Privacy campaigner and Cambridge University’s Head of Cryptography Professor Ross J Anderson has suggested one way to begin stamping out the British state’s unaccountable involvement in the NSA spying scandal: end the domestic secret services entirely.
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“Were I a legislator,” Anderson says, “I would simply abolish MI5.”
Speaking with Forbes, Anderson notes the only way this kind of systemic data collection has been made possible was through the business models of private industry. The value of information-driven web companies such as Facebook and Google is built around their ability to gather vast tracts of data. It was something the intelligence agencies would have struggled with alone.
“It would never have been realistic for governments to collect so much data because they just don’t have the technical nous or managerial skill to set up and operate the systems concerned,” Anderson says. ”Only private industry could do that. But, of course, now that the systems exist, spooks want access to them.”
Now that the trajectory of the web has pushed previously private information into a pseudo-public domain, it is difficult, if not impossible, to turn back the clock. Maintaining anonymity at the consumer level is incredibly limited. Even with a decent understanding of operational security, privacy would be very difficult to achieve unless it is for a specific purpose, and consumers can still be left open if they are considered a person of interest, for whatever reason.
Instead of an ongoing game of security whack-a-mole between privacy activists and the secretive arms of the state, the most effective means of change will be achieved through political action. In the case of those who feel they are being targeted for identity, race, gender, religion, political views, or sexuality, “campaigning to change the law so that you are no longer a stigmatized minority is the rational way forward,” Anderson says.
But the balance of power is naturally weighted in favor of the secret services, which are not at all transparent or subject to oversight. It would make more sense, according to Anderson, for Britain to “move to the track that you find in more civilized countries like Denmark and Norway, where national security, insofar that it’s a concern, and it isn’t really, is simply something left to the police. ”That’s the appropriate way to deal with this kind of thing: to keep it within the domain of a uniformed, disciplined service that’s subject to proper Parliamentary and judicial oversight. The way to do it is not to have an organization like MI5.”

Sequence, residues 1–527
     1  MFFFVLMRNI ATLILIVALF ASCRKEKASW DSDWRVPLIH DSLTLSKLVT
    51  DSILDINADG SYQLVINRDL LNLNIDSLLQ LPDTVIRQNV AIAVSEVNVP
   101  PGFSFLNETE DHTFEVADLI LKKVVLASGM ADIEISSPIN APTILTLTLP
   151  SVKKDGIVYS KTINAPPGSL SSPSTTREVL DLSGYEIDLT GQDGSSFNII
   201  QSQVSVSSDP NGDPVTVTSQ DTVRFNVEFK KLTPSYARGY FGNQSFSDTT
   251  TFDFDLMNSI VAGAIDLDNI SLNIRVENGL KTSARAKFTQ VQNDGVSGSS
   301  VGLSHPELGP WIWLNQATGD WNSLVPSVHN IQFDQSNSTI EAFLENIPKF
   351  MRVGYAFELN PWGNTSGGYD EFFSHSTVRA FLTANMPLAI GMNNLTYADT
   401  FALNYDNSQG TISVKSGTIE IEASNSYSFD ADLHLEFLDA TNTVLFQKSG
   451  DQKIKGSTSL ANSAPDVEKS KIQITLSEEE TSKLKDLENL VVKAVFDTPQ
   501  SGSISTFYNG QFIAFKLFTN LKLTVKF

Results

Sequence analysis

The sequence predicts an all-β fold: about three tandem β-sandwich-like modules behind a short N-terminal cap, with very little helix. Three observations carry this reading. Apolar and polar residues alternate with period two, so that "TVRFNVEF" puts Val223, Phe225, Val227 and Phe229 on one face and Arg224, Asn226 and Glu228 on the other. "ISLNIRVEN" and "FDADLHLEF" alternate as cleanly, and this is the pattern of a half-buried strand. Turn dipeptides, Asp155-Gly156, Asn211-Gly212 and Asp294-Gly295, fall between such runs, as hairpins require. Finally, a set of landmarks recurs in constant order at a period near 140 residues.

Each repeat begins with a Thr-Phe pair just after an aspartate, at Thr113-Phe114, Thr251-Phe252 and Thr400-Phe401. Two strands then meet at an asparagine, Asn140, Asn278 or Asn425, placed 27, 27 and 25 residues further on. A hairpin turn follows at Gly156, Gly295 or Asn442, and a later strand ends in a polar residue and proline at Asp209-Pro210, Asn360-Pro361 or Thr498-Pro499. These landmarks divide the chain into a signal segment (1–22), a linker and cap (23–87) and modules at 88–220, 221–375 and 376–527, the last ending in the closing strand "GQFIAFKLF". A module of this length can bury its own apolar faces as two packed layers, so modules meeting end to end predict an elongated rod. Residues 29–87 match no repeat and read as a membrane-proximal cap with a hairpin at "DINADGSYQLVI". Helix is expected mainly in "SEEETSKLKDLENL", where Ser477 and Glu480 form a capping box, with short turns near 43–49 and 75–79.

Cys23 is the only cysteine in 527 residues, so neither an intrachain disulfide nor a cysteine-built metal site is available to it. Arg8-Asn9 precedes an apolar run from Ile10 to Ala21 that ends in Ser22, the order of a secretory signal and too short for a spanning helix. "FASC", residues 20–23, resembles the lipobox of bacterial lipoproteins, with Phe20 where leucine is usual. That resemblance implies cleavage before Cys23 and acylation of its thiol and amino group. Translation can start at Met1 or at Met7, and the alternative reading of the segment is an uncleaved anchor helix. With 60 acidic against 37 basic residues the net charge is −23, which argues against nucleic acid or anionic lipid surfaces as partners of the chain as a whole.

“One of the reasons intelligence services survive and get so much money is that politicians have an uncomfortable feeling that the services know something about them,” Anderson says. “Sometimes this is true, sometimes this is merely hinted at being true.” He points to J. Edgar Hoover, the director of the FBI over six presidencies, and served under eight, as an example. ”Nobody dared to challenge Hoover, not even Kennedy, Johnson, or Nixon,” Anderson says.
Despite accusations against Hoover for giving organized crime an easy ride, among other controversies, Anderson says Washington was terrified of targeting Hoover’s power for fear that he could smear politicians, or publish details of their own alleged secrets, trysts, extramarital affairs, or relationships with lobbyists. ”When you get this sort of thing going on at a systemic level in society, it’s not good,” Anderson says. “Once you start getting secret agencies that act as the Prime Minister’s personal bag of tricks, you are laying yourself open to all sorts of corruption.”
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